The Technology and Marketing Law Blog recently had a post describing an employer lawsuit that included privacy infringement based claims against an employer for intercepting iMessages using his company supplied iPhone. Although the California Court ultimately rejected the claim, it had an interesting fact pattern that raises concerns for attorneys and employers.
The employee in the claim had been issued an iPhone from his employer. Upon being issued the iPhone, he associated the phone with his personal Apple iCloud account and enabled Apple’s iMessage. iMessage, unlike standard SMS text messages, allows sending and receiving text messages without an active cellular number. This means that if you register your cellular number with iMessage, your Apple account will allow you to send and receive iMessages on other devices with a broadband connection, even if you have no cellular connection. When you switch to a different cell phone (even if it is another iPhone), you must disable iMessages, or else your old iPhone will continue to receive iMessages if it is on a WiFi network, or another cellular account is registered with it.
The problem is that after the employee’s employment ended, he returned his company issued iPhone, and did not wipe the device or disable iMessages. The employee claims that his former employer continued to receive and review his text messages since his Apple iMessage account was not disabled. The California Court ultimately decided that the employee had no privacy claim against his former employer.
The reason that I found this case interesting, is because I am sure that there are plenty of attorneys in Delaware that are issued iPhones and/or iPads by their employers. This immediately causes concerns for me about employees taking steps to make sure that their data cannot be accessed once they leave their current employment. If you have linked a personal Apple iCloud account to your iPhone or iPad, some of your data created after starting a new job, may be accessed by a former employer. Both messages sent and received by iMessage, as well as any data stored in iCloud, may continued to be accessed on the old device until the Apple iCloud account is removed or your password is changed.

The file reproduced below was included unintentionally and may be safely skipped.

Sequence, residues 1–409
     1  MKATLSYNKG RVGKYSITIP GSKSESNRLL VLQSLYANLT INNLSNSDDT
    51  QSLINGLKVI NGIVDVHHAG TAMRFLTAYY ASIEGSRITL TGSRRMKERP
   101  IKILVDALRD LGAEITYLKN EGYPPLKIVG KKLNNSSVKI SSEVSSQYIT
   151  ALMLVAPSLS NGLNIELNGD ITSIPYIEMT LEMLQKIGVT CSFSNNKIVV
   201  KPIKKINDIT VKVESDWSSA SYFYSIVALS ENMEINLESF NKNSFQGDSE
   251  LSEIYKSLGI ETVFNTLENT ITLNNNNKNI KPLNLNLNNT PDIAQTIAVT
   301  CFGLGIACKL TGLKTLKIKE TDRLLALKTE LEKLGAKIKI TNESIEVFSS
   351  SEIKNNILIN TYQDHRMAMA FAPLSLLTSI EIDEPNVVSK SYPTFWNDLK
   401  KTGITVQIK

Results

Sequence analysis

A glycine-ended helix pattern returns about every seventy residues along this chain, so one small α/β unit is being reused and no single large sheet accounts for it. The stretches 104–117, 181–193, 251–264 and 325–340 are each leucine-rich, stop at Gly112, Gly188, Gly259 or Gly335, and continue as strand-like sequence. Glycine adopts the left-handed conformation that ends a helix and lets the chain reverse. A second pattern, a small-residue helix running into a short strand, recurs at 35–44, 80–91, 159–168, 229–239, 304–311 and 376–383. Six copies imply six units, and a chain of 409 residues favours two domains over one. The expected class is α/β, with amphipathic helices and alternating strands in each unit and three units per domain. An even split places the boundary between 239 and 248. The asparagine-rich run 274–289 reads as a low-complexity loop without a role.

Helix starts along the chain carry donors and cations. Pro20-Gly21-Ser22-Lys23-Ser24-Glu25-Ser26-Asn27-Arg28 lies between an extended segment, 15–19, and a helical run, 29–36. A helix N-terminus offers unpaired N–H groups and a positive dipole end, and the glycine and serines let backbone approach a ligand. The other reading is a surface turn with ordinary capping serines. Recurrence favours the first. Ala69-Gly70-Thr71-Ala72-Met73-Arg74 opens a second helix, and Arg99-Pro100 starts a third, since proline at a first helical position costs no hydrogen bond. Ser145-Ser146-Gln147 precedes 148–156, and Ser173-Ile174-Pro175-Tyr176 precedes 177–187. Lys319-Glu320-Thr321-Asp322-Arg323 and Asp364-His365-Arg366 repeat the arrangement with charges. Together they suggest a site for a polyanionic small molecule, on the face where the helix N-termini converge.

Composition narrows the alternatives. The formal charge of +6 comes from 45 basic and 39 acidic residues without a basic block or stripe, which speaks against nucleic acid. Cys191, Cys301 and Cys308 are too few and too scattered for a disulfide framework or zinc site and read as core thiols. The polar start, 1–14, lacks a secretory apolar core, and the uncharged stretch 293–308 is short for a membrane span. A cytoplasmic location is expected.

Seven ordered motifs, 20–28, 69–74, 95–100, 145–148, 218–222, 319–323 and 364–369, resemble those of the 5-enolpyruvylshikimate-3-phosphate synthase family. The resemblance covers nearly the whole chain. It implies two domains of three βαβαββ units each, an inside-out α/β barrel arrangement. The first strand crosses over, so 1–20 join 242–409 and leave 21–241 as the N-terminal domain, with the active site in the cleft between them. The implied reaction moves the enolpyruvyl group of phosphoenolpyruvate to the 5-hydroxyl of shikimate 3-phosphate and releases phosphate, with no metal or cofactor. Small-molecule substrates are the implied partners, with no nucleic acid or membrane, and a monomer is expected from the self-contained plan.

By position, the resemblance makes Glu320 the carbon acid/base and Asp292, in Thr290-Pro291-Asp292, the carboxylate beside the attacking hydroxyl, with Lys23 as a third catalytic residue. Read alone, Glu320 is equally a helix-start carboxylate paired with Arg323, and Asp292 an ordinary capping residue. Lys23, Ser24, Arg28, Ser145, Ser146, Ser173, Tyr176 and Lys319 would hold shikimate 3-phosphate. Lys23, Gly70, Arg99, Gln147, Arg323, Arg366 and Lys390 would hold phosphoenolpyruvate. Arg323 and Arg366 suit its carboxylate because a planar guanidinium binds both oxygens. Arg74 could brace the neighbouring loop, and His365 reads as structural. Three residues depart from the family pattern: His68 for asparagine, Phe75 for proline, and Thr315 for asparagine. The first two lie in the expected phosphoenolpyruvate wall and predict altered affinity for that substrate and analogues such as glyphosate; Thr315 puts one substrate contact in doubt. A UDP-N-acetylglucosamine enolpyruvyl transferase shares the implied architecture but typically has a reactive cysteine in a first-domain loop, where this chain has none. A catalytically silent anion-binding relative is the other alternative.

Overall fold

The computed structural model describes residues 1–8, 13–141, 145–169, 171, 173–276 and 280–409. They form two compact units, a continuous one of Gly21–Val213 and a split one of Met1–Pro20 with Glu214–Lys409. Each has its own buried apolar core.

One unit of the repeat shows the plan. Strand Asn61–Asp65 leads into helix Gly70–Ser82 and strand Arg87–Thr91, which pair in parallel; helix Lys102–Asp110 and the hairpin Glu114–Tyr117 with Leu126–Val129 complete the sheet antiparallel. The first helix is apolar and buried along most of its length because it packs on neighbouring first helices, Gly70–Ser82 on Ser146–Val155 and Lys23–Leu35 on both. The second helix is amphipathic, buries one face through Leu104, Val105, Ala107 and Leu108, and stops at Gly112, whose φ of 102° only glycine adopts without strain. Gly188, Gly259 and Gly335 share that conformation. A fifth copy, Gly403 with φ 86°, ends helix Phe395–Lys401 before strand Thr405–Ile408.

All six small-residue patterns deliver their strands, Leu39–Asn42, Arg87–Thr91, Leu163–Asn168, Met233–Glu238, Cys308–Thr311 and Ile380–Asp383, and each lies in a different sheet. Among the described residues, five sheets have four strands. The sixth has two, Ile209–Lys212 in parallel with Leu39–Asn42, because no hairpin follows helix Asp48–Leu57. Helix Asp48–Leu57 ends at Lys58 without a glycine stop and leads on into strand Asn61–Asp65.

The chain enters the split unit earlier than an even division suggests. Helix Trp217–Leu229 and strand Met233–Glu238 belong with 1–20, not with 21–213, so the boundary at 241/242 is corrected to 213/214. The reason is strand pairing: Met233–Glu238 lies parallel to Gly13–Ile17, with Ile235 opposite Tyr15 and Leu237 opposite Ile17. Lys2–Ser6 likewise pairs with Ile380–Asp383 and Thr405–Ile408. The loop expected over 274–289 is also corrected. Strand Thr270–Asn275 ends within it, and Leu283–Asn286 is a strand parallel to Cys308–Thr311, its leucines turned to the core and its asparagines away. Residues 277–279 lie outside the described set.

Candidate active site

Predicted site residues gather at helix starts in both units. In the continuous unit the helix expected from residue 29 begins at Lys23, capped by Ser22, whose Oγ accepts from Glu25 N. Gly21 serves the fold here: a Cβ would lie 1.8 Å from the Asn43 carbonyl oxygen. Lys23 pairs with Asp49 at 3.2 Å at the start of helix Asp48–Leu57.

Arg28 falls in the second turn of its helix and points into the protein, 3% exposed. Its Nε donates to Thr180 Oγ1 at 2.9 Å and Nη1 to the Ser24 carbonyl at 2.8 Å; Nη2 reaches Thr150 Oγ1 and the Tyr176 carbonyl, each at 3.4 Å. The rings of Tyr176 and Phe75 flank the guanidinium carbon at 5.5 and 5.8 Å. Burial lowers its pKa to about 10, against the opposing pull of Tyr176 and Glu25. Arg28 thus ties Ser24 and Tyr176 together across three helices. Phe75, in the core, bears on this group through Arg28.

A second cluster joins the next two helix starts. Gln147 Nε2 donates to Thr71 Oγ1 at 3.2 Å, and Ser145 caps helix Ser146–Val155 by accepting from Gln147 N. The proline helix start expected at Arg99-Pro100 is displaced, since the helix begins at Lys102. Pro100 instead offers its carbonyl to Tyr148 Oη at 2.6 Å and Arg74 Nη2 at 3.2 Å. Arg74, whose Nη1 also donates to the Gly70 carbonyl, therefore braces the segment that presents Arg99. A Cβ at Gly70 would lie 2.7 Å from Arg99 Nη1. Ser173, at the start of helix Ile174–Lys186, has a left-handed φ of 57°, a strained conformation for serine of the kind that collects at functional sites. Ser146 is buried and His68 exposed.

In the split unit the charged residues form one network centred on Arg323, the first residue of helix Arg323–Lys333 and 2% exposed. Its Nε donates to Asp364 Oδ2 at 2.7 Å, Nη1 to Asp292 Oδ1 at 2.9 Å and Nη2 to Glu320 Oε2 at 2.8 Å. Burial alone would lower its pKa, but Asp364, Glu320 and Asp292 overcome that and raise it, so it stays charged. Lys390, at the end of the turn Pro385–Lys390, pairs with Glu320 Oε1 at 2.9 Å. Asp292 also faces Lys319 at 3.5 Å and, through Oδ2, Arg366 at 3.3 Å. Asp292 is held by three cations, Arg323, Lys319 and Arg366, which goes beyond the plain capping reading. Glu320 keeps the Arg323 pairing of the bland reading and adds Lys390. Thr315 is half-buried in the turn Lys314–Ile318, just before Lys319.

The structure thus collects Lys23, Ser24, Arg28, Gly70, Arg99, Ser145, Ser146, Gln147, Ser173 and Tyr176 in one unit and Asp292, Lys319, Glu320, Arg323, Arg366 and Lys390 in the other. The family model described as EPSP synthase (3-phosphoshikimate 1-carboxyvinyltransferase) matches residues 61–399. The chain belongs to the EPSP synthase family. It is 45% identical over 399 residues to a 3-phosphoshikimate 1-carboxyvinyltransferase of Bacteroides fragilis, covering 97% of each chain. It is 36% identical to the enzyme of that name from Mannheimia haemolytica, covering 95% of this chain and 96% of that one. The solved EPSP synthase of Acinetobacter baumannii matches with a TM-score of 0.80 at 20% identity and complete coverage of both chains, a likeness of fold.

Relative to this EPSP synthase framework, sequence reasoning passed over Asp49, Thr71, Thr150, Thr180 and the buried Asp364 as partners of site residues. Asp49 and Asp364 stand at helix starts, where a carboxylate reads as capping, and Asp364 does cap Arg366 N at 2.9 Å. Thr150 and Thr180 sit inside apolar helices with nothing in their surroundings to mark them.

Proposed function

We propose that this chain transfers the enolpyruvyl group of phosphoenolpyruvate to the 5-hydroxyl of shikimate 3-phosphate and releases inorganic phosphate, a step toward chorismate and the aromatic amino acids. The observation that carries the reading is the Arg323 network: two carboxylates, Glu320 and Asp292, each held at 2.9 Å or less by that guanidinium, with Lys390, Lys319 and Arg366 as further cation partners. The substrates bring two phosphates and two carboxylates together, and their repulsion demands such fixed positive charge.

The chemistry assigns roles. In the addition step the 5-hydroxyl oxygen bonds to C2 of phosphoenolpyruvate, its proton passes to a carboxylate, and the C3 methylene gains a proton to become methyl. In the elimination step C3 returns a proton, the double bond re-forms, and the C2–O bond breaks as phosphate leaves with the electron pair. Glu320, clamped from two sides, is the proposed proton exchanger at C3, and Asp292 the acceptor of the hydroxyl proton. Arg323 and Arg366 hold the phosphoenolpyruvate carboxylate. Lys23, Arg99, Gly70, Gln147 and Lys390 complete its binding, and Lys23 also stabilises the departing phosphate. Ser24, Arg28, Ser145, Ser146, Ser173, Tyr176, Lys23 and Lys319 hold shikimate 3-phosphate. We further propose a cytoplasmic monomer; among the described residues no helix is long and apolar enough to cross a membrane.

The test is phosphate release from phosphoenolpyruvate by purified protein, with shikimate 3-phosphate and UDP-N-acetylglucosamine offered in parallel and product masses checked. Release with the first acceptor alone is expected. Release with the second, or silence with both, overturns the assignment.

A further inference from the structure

If you are currently using iMessages and iCloud on your employer-issued iPhone or iPad, you will want to make sure that you sever any connection before your employment ends. If you do not, there is a chance that text messages you receive in new employment may be intercepted by a former employer. If you are an employer issuing iPhones or iPads, you will want to have a clear policy on the type of personal information and accounts permitted on a company issued iDevice. Even for an employer, concerns arise that after an employee is terminated, information that was saved to iCloud (like documents created in Pages or Keynote) may continue to be available to former employees. For a managing partner at a law firm you need to know how confidential materials are being stored.
I would recommend not using iCloud and iMessage on any employer supplied iPad or iPhone. Although this eliminates some of the benefits of these services, it protects both an employee and employer from the concern of confidential information being accessed after the employment relationship has ended. Beyond the concern of private personal data being accessed, if an attorney has an old iPhone/iPad that is still receiving data from iCloud that can potentially be accessed by a former employer, there is a very real chance of violating your obligations under Rules 1.1 and 1.6 of the Delaware Rules of Professional Conduct. If you do use iMessage or iCloud, and you are not able to disable these services when employment is terminated, it is important that you immediately change your iCloud password to protect your data. Changing your password should protect you against a former employer accessing documents and data that apps store in iCloud. You should also contact Apple Support to have your old phone number deregistered from iMessage.
See Sunbelt Rentals, Inc v. Victor for the California District Court Decision.